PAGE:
A Mastic Beach man who had been accused of firing the fatal bullet in the 2013 Flanders home invasion that led to the death of Demitri Hampton was arrested Tuesday by Riverhead Town police for allegedly firing a gun near the River Pointe Apartments on East Main Street four days earlier.
Messiah Booker, 37, was charged with two counts of second-degree criminal possession of a weapon, along with second-degree criminal use of a firearm, second-degree menacing and first-degree reckless endangerment following Friday’s incident, police said.
Police were called for a report of a disturbance involving a man with a gun in the west side of the parking lot near Building “J.” Officers who arrived at the scene determined a single gunshot had been fired at the location, according to a media release.
Riverhead detectives and the U.S. Marshals Service conducted an investigation that resulted in Mr. Booker’s arrest. He was processed and held for arraignment, police said. Arraignment information was not yet available and police did not disclose additional details on what led to the disturbance in the parking lot.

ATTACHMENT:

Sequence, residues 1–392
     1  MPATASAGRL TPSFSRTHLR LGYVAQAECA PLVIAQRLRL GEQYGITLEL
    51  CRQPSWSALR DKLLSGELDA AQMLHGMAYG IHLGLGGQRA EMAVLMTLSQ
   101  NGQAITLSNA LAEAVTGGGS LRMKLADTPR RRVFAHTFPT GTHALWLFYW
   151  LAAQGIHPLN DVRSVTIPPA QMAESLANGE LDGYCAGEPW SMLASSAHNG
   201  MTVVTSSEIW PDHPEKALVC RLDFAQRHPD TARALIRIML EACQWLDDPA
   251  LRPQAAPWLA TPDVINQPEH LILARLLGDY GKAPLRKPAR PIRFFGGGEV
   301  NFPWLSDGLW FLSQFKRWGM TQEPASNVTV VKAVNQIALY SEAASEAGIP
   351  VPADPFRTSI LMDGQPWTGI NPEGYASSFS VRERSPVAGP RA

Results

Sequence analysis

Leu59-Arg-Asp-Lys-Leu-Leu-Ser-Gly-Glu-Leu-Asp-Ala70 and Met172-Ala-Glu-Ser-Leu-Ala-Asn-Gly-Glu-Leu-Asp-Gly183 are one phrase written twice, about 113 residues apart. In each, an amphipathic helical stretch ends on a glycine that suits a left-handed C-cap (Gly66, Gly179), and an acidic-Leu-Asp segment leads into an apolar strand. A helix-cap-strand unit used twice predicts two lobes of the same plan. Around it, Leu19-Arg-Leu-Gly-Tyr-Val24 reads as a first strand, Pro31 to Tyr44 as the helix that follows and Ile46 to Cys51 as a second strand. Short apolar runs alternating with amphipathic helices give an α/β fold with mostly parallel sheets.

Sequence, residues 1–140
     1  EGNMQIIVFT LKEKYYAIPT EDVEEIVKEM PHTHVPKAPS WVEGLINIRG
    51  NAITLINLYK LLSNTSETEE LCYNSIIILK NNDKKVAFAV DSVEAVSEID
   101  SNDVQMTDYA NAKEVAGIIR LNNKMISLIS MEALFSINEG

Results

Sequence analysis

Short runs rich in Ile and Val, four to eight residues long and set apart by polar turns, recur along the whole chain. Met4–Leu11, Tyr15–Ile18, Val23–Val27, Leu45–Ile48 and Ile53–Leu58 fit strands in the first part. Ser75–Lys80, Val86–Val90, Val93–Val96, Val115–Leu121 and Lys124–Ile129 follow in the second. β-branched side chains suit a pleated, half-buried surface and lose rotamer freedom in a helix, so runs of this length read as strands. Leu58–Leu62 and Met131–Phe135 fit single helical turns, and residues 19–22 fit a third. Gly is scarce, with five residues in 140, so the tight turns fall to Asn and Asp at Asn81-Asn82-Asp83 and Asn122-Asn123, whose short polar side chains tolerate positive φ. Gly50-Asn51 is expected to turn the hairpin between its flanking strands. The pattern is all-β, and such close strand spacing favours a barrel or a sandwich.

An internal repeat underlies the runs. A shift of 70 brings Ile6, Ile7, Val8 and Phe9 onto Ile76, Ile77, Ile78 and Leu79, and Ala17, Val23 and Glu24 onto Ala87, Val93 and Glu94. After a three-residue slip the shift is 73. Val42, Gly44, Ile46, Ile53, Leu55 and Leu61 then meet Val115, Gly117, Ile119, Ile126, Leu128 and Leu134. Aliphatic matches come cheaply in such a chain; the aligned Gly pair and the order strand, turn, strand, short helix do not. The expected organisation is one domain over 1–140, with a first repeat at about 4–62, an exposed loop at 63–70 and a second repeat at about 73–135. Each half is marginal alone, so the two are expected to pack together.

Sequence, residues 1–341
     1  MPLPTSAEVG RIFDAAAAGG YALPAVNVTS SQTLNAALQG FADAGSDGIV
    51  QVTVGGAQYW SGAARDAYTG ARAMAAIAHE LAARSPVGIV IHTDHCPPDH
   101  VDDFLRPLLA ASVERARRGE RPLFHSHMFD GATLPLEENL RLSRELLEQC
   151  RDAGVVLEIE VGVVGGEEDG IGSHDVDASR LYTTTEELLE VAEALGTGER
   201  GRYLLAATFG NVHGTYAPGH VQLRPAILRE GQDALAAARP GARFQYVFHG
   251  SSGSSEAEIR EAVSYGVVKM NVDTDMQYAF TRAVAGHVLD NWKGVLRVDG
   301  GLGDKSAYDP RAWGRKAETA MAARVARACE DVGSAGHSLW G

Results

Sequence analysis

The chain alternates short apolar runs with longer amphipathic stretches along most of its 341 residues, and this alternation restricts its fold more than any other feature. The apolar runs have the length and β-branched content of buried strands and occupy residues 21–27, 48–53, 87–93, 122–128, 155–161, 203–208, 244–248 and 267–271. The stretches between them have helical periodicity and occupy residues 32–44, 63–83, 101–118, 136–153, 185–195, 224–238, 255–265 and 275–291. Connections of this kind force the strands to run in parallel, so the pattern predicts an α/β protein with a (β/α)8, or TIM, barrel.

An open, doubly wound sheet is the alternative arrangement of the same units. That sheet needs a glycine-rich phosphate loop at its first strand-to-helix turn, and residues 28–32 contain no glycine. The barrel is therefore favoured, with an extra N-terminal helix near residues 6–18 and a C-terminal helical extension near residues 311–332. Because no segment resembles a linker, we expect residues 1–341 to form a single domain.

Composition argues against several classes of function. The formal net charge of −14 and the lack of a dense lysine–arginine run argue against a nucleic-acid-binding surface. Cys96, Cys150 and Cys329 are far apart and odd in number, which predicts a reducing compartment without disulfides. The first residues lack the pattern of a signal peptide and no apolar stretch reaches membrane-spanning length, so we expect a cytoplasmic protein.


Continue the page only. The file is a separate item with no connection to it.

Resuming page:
The investigation remains ongoing and anyone with information is asked to contact police at 631-727-4500.
Mr. Booker was sentenced to five years in prison in 2017 in a case that saw the prosecutor have to resign for “inexcusable” conduct of failing to turn over more than 100 page of notes related to the investigation to the defense attorney. The district attorney’s office ultimately offered Mr. Booker a plea deal, which he accepted. The second-degree murder charge Mr. Booker had faced was dismissed and he instead was sentenced on a charge of second-degree burglary. The judge at the sentencing called the end result a “travesty of justice.”
Mr. Booker was released from prison last August.
In November, a 36-page report released by former District Attorney Timothy Sini’s office offered an extensive look into the record of the former Suffolk County prosecutor in that case, Glenn Kurtzrock, which determined there had been a pattern of misconduct that spanned more than a dozen cases dating back to 2004.